Friday, 3 February 2012


The less you know about Ben Wheatley’s (Down terrace) second feature the better. Opening events give no indication as to how bruised and battered you’ll feel by the time the final credits roll some 85 agonising minutes later. We’re talking about family disputes, irresponsible parents and cringe worthy dinner parties here. A set of circumstances so familiar, you’ll be forgiven for thinking that Wheatley has set up shop in your own living room.

Jay (Neil Maskell) and his wife Shel (Myanna Buring) are hosting a dinner party for old friend Gal (Michael Smiley) and his new girlfriend. Tensions are already high, even before they introduce the red stuff. Jay hasn’t worked in months, the bills are piling up, and there’s precious little hope of him convincing Shel that the new Jacuzzi fitting will aid his bad back. To make matters worse, Gal is positively coining it in with his latest venture and it’s only a matter of time before Jay gets back on the horse with him.

He said: Wheatley dresses his gut-punching thriller in melodrama and side-splitting realism; his protagonists largely unsympathetic (with the exception of Michael Smiley’s Gal). You won’t find many heroes in this neighbourhood, but we all know a family like theirs, and that’s what makes the opening act so uncomfortably engaging.

She said: Masquerading as a gangster flick, Wheatley takes a different route to most in the genre and doesn’t glamorise his protagonists, instead showing us how miserable they all are. It works well, and with some well placed humour we can emphasise with all and sundry as they struggle through their pitiable lives.

He said: That’s all you need to know for now. Rest assured though, Jay and Gal do descend into a disturbing world, lives do unravel at an alarming pace, and fear and paranoia are sure to find them both in the heart of darkness.

She said: It’s a marmite moment – the final act – and one I just can’t seem to swallow.

He said: It’s an astonishing movie that shocks and surprises at every turn.

She said: It’s astonishing how the ending sucks so much.

He said: Maskell and Smiley might not look like your stereotypical leading men but they’re on top form here, with Smiley the film’s most rounded character. Buring puts in a strong performance too, but it’s Smiley’s quirky Irish charm that’ll keep you from throwing in the towel when the shit hits the fan.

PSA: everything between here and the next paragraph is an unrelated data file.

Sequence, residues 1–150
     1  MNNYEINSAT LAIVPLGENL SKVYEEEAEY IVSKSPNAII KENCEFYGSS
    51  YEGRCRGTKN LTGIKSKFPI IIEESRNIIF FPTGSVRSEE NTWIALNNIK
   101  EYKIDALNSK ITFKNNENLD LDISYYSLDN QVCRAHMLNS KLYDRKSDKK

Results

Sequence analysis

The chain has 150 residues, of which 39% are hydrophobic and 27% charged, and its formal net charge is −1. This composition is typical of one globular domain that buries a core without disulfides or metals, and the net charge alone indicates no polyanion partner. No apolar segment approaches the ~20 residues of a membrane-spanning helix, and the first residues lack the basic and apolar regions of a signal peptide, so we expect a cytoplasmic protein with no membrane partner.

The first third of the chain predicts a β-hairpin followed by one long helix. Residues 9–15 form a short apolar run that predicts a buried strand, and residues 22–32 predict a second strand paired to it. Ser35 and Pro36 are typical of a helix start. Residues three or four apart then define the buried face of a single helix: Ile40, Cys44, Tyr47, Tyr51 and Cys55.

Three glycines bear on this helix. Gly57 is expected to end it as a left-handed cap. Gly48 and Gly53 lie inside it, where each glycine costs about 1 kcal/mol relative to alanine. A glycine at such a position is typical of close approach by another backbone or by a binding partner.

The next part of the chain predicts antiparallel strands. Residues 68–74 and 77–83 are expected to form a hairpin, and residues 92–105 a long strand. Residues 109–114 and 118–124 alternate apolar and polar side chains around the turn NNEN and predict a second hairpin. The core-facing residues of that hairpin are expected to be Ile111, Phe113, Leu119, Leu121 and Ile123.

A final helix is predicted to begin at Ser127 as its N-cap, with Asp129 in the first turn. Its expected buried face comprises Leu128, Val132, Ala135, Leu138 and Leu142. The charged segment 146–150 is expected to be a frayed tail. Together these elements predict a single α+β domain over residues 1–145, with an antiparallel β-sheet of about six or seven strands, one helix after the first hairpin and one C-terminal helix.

She said: And boy is there a lot of shit in that final act.

He said: Wheatley teases the audience throughout, raising questions and encouraging constant scrutiny. Why do the supporting players act the way they do? Are these events really taking place or could they be the work of Jay’s fragile mind? And why are the dinner guests drawing symbols on the back of the bathroom mirror? The answers do come, but you’ll have to join some of the dots yourself.

She said: There is much to admire about Kill List – up until the final act you’ll be gripped, I promise. But the ending is unlikely to capture the imagination and hearts of most viewers, whether you love your gangster flicks or your horror movies. Despite the teasing foreplay it’s all been done better before, and you’ll be left gutted at such a ridiculous twist. This is coming from a huge horror fan.

He said: It defies convention.

She said: It defies belief.

He said: Believable characters, excellent performances and occasional graphic violence combine to exhilarating effect in one of the most memorable movies of the year. Films like this remind me why I love cinema; films that have the power to stay with you long after the lights go out.

She said: Seriously, just watch it, there’s much to enjoy. Just prepare yourself for one of the worst endings in cinematic history.

He said: Kill List could be the best British thriller you see all year, and I’m writing this in February. Outstanding.

She said: A stunning piece of work ruined by a lazy finale that’s both heart-breaking and stomach churning. For all the wrong reasons. 

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